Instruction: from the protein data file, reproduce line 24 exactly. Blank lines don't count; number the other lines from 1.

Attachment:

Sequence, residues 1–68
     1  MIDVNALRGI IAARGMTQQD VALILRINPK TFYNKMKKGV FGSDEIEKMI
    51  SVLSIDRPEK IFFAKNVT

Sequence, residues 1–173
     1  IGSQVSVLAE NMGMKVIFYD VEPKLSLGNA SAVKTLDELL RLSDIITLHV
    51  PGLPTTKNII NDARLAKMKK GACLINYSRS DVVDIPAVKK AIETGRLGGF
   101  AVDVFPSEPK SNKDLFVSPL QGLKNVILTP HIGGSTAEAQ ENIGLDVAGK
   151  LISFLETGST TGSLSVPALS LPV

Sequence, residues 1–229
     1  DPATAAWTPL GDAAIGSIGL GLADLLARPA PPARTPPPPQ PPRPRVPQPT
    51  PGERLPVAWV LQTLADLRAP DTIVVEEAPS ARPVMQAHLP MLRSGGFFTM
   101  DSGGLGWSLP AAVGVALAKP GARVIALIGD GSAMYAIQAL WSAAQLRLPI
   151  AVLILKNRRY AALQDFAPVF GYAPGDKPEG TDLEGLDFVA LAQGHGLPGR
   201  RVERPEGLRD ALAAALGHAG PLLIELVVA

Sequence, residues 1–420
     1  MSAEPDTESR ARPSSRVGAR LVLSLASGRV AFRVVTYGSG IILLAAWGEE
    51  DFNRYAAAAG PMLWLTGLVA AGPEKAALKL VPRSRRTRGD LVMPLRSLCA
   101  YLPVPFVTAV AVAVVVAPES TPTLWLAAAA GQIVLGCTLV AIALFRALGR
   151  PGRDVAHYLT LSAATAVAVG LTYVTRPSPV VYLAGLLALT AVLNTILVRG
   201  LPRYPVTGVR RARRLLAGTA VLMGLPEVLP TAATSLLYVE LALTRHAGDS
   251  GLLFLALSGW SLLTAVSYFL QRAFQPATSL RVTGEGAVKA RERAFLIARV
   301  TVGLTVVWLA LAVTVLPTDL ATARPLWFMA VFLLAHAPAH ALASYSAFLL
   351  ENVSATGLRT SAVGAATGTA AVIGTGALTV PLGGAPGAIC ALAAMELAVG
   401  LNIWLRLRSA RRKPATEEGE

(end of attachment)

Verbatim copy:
   401  LNIWLRLRSA RRKPATEEGE